Anti-charter board members have tried to convince parents that rising graduation rates show that traditional public schools are improving. But the real explanation is that the board dumbed down graduation requirements and allowed students to pass courses with a D grade. Half of last year’s graduating seniors were ineligible for state public universities, according to the education nonprofit The 74.

School board president Steve Zimmer, who was ousted last week, declared that “teachers are not failing. Students are not failing. Schools are not failing.” Parents who voted in the local elections believe otherwise.

Unions tried to vilify pro-charter candidates Nick Melvoin and Kelly Gonez by portraying them as tools of Donald Trump, though both were endorsed by President Obama’s Education Secretary Arne Duncan and the state’s progressive former Senator Barbara Boxer. There’s nothing progressive about failing low-income minority kids.

Appeared in the May. 22, 2017, print edition.

California’s Teacher Tax Break

March 17, 2017

Sacramento moves to exempt public-school teachers from state income tax.

OPINION REVIEW & OUTLOOK
March 15, 2017 7:30 p.m. ET
350 COMMENTS

California schools have many problems, but a teacher shortage isn’t one of them. Democrats in Sacramento nonetheless want to throw millions of dollars at this fake problem by exempting veteran teachers from state income tax while ignoring the real systemic inequities in education.

Unions promote the conceit of a teacher shortage whenever they’re seeking more money, which is basically all the time. Over the last six years—that is, since California voters approved a tax hike on the wealthy—state spending on education and the per pupil allotment have increased by 55%.

Yet many school districts are now threatening layoffs. Santa Ana Unified School District this week is sending pink slips to nearly 300 teachers to save $28 million. In San Diego nearly 900 teachers received layoff warnings this month as the school district grapples with a $124 million deficit. It seems many school districts employ more teachers than even their bloated budgets will support.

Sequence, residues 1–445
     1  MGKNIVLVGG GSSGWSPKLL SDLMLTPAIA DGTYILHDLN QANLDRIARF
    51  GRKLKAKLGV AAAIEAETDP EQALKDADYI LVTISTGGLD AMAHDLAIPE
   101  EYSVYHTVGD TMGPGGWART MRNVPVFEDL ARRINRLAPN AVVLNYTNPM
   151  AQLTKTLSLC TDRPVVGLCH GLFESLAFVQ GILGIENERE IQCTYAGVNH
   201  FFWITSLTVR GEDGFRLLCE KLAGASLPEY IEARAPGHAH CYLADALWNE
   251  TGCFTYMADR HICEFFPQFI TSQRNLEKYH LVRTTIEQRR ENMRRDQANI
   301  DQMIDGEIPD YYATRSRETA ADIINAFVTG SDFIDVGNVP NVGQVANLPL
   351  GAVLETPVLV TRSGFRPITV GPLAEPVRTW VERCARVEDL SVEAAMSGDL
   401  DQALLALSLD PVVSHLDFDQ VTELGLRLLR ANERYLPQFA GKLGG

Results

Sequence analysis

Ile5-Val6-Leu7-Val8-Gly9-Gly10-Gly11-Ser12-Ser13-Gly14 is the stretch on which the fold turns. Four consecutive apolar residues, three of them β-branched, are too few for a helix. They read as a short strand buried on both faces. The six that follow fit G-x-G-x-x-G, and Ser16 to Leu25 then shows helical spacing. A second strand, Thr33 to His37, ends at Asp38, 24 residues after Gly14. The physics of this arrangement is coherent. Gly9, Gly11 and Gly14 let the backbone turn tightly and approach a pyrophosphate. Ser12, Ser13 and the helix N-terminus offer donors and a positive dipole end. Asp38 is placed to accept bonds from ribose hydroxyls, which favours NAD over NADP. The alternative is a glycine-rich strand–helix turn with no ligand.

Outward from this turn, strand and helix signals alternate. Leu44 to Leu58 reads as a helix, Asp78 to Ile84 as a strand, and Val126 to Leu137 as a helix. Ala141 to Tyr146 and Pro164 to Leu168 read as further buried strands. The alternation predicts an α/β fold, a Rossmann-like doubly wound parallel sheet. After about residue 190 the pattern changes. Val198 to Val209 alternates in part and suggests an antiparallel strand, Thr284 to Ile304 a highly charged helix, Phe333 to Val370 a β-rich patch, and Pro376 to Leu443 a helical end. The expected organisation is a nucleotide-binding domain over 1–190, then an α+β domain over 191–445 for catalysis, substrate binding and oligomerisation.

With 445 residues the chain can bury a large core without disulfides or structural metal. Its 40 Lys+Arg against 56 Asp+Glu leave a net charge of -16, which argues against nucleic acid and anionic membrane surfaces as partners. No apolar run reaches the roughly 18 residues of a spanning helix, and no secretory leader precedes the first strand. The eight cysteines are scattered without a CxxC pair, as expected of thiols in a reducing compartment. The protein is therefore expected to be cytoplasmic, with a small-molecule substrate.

Where is all the money going? Santa Ana’s school board spent $32 million on a teacher pay boost. Many districts have padded their payrolls, as more teachers were hired in 2016 than during any year in the last decade. Pension and retiree health costs are ballooning. Between 2013 and 2020, teacher pension bills will more than double to 19.1% of district payrolls.

These legacy costs are especially burdensome in low-performing districts where enrollment is shrinking due to charter-school competition. Enrollment has declined by about 15% in Santa Ana district-run schools and more than 20% in Los Angeles’s in a decade. Note that charters aren’t complaining about a lack of qualified teachers.

To the extent a shortage exists, it’s a dearth of good teachers. State law requires districts to fire newer teachers first when budget layoffs occur, even if they are better than older counterparts. Last-in-first-out policies discourage bright young people from teaching. According to a Teacher Plus poll last year, 63% of California principals believe seniority-based layoffs are viewed negatively by people considering the profession. Nearly three-quarters reported having fired a young teacher who was more effective than a veteran.